Then they saw coming toward them, above the olive trees, the figure in white that Lucy, Teresa Matias and her sister Maria Rosa had seen the year before.
“Jacinta and Francisco had never seen it before, nor had I ever mentioned it to them.”
The light began to take on human features.
“As it drew closer we were able to distinguish its features. It was a young man about fourteen or fifteen years old, whiter than snow, transparent as crystal when the sun shines through it and of great beauty.”
On reaching the three children the figure spoke.
“Do not be afraid, I am the Angel of Peace. Pray with me.”
Sister Lucy recalled, “Kneeling on the ground, he bowed down until his forehead reached the ground. Led by a supernatural impulse, we did the same, and repeated the words which we heard him say.”
“My God, I believe, I adore, I hope, and I love Thee. I ask pardon for all those who do not believe, do not adore, do not hope and who do not love Thee.”
Jacinta and Lucy were spellbound. Together they answered, “My God,
I believe, I adore, I hope and I love Thee ...”
Francisco was bewildered. He could not hear the Angel’s words.
The Angel repeated the words three times then rose and gave them specific instructions.
“Pray thus. The Hearts of Jesus and Mary are attentive to the voice of your supplications.”
Then the Angel disappeared, as if dissolving into the air. It was
then that the words that had been spoken were told to Francisco. We can only imagine the effect this had on the children. But we have Lucy’s own words to give us an exact description:
“The supernatural atmosphere which enveloped us was so intense that
for a long time we were scarcely aware of our own existence, remaining in the same posture in which he had left us continually repeating the same prayer.” They were spent, dazed.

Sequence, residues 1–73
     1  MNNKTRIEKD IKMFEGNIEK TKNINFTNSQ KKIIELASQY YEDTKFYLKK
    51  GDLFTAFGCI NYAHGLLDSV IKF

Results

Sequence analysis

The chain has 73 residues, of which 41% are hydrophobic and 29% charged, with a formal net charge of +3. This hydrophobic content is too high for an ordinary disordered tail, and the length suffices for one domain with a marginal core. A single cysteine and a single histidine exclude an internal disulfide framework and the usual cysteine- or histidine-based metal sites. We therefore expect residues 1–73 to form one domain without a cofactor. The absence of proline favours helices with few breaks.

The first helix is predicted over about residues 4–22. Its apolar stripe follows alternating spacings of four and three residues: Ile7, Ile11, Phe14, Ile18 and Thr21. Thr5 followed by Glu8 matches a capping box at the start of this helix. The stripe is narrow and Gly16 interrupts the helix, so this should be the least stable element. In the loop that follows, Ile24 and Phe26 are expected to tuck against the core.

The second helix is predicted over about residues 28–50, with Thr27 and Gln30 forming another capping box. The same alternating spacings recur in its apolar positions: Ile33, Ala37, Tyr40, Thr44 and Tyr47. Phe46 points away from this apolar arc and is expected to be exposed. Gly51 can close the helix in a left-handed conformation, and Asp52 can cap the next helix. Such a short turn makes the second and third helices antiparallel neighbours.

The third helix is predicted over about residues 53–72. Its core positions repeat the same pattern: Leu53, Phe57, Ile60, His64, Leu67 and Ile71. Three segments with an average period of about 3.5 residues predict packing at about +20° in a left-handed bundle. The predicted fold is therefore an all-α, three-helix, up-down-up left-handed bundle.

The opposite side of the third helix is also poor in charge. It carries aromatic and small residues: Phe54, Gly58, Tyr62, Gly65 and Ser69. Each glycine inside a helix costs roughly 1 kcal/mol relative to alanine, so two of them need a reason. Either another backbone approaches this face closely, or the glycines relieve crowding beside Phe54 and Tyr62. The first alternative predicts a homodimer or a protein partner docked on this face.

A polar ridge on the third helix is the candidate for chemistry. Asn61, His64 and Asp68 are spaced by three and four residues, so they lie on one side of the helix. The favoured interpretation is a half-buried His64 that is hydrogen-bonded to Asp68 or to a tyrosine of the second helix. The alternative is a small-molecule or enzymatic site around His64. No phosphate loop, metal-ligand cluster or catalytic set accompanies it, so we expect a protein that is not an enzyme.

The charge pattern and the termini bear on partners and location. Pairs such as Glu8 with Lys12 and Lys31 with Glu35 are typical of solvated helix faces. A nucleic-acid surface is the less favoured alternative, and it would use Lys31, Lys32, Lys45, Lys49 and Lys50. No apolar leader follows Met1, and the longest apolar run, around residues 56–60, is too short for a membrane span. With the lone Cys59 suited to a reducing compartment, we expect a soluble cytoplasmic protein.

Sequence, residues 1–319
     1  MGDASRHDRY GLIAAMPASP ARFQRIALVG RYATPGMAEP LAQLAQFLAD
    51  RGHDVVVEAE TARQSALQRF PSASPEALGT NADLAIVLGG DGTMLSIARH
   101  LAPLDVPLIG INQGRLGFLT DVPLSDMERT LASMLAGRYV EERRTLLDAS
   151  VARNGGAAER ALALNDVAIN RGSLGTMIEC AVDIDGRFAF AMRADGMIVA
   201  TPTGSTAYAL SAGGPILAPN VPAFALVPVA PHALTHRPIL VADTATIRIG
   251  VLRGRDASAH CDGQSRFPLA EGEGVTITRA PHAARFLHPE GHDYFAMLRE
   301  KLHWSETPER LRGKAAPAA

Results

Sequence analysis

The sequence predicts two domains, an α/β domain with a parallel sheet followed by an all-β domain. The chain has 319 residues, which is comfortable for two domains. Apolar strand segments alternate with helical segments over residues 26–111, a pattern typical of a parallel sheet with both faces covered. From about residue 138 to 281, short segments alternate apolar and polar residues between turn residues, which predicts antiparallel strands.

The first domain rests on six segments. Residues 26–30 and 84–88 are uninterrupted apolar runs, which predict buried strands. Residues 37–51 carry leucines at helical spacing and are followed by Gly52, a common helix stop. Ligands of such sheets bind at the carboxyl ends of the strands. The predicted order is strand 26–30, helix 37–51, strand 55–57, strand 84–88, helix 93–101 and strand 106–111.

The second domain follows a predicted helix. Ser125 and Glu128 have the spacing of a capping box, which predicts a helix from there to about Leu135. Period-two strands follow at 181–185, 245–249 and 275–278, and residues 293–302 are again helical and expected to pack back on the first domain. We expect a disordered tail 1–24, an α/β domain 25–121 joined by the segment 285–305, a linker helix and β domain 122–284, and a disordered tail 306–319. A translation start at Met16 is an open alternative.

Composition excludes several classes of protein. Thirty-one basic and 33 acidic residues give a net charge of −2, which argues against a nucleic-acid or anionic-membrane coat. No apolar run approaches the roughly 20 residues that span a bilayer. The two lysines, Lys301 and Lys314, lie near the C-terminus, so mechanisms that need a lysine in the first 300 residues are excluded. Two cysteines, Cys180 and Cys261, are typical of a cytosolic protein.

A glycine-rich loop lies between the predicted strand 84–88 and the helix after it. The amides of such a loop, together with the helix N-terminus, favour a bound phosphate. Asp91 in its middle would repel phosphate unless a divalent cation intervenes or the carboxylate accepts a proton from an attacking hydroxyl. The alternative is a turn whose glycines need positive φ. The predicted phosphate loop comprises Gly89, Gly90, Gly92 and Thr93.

The physical weakness that overcame them was also very great. The presence
of God made itself felt so intimately and so intensely that the three children did not even venture to speak to one another. The next day they were still immersed in this spiritual atmosphere, which only gradually began to dissipate.
It did not occur to them to speak about the apparition, but neither did they consciously decide to keep it a secret.
“The very apparition itself imposed secrecy. It was so intimate that it was not possible to speak of it at all. The impression made upon us was all the greater, perhaps, in that it was the first manifestation we had experienced. The peace and happiness which we felt were great but wholly interior, for our souls were completely immersed in God.”
The three had remained prostrate in the field with the subdued sounds of the Angel’s prayer on their lips. From that day on the three would spend long periods of time repeating the words of the Angel until sometimes they fell, exhausted. The Angel of Peace, when he appeared in 1916, made a lasting impression on the young children. There was no indication he would return. But
testifying to the fact that these were normal, healthy children, it was not long before the desire to play
seeped back into their pious activity.